• Author: adapted from Cafe Latte
  • Yield: 12 servings


Cake Layer:

  • ¼ cup canola oil
  • ¾ cup granulated sugar
  • 2 eggs
  • 1 ½ teaspoon vanilla extract
  • 1 cup flour
  • ½ teaspoon baking soda
  • ½ teaspoon baking powder
  • ¼ teaspoon salt
  • ½ cup buttermilk

Soaking Liquid:

  • ½ can (4 ounces) sweetened condensed milk
  • 1 cup half and half
  • ¼ teaspoon vanilla


  • 4 teaspoons gelatin (you’ll need 1 packet + 1 teaspoon from another)
  • 4 tablespoons water
  • 4 cups heavy whipping cream, divided
  • ½ cup powdered sugar
  • ½ teaspoon vanilla



Butter an 8” round pan. Line the bottom with parchment paper, then butter and flour, shaking out any excess flour. Preheat oven to 350 degrees F.

Combine oil, sugar, eggs, and vanilla in a large bowl. In another bowl, sift together flour, baking soda, baking powder, and salt. Add dry ingredients to oil mixture. Add buttermilk in stages, stirring (a wooden spoon works well) until the mixture is wet enough to accept the rest, being careful not to overbeat.

Pour into the round pan, bake for 20-25 minutes until cake is golden brown and when pressed lightly in the center, springs back. The top will be slightly rounded but will even out as it cools.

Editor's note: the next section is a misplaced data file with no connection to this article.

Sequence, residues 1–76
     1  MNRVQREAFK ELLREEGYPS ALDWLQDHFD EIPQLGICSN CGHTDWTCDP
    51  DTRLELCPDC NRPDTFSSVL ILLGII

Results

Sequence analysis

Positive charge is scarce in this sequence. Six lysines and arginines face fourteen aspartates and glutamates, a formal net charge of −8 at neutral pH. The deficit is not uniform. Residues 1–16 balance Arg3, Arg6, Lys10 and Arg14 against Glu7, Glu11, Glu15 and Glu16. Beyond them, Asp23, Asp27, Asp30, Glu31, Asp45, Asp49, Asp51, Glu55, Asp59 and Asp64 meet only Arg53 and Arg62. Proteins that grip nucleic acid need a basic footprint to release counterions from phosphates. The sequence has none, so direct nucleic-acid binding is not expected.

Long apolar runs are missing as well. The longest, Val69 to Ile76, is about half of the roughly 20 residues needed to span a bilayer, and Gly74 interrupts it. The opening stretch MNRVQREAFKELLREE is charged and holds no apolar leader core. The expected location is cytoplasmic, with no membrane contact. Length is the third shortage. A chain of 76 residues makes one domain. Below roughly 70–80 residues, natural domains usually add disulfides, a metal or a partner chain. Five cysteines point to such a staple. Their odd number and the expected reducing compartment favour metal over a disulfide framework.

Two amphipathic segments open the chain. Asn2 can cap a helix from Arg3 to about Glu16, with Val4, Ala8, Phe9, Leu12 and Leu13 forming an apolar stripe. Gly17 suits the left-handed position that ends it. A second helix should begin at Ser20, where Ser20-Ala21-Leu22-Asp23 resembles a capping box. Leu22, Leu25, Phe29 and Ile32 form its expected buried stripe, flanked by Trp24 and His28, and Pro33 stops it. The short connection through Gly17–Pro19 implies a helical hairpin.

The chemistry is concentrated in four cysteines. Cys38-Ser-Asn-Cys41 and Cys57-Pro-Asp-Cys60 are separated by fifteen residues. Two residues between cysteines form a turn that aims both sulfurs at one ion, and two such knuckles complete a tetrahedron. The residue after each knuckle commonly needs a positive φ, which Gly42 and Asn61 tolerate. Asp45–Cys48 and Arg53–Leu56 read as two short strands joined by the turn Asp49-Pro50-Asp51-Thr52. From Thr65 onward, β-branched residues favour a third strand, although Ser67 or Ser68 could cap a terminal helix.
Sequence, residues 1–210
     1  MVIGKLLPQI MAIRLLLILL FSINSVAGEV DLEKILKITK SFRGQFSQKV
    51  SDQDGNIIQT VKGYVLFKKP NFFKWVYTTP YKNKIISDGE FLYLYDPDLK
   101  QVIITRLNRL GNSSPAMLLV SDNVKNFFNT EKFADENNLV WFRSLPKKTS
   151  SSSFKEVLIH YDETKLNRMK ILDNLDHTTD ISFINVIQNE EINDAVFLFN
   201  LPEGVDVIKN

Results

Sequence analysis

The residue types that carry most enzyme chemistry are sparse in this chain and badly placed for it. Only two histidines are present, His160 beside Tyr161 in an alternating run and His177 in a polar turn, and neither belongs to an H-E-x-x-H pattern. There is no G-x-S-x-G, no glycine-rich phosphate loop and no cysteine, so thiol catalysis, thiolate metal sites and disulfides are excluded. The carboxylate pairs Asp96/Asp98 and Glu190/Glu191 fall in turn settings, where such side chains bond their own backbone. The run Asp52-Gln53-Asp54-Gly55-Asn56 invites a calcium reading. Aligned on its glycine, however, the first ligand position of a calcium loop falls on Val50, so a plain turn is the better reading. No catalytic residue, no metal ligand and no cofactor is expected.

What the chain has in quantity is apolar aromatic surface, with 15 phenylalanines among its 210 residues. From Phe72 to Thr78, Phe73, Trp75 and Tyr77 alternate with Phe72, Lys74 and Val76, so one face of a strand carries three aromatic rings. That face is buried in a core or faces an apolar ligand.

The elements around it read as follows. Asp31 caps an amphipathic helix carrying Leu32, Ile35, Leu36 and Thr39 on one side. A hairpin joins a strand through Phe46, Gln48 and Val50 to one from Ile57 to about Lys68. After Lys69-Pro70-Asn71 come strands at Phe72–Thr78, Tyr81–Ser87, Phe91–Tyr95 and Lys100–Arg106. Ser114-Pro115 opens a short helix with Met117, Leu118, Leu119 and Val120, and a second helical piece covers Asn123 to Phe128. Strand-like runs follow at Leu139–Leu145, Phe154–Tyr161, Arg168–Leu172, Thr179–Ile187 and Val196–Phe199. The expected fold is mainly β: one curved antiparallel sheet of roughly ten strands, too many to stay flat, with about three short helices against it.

Cool in pan about 10 minutes, then remove to a rack to cool completely.

Soaking Liquid:

Combine all ingredients with a whisk, then pour into a bowl or measuring cup with a spout. When cake is cool, slice in half horizontally so there are two 8” round layers. Arrange cut side up. Slowly pour soaking liquid over the cake layers.


In a small saucepan, add the water then sprinkle gelatin evenly over the top. Let sit for several minutes until gelatin softens and becomes translucent. If it doesn’t become translucent after about10 minutes, place the pan over medium-low heat for just a few seconds until gelatin starts to melt. Remove pan from heat and swirl to distribute heat and fully melt the gelatin.

Slowly mix in about 3/4 cup of the cream, set aside. In the meantime, add cream to mixing bowl and beat just until soft peaks form. Beat in the sugar, then with the mixer running, slowly add the gelatin cream mixture. Turn mixer on high and beat until very stiff peaks form.

The whipped cream at that stage may not look quite as smooth as “regular” whipped cream but will smooth out as it’s spread.

Place one layer on a cake plate, cut side up, and top with 1/3 of the whipped cream, then smooth it. Place the second layer on top of the whipped cream, cut side down, then top with 1/3 of the whipped cream and smooth it. Frost sides with the remaining whipped cream.

For best results, refrigerate for several hours before cutting. Store in the fridge, keeps very well for two days, if you’d like to make it ahead, but is still good after several days in the fridge.


No buttermilk? No problem. Add a teaspoon and a half of vinegar to a measuring cup. Add milk until it reaches the 1/2 cup mark.

Make sure to measure the soaking liquid exactly or you’ll end up with a cake that is too dry or worse, too wet.

If you need a recipe to use the rest of the condensed milk, check out the Fake Frappe recipe right here on my site.

Garnish with fresh berries; Cafe Latte uses raspberries.

For best results, refrigerate for several hours before cutting.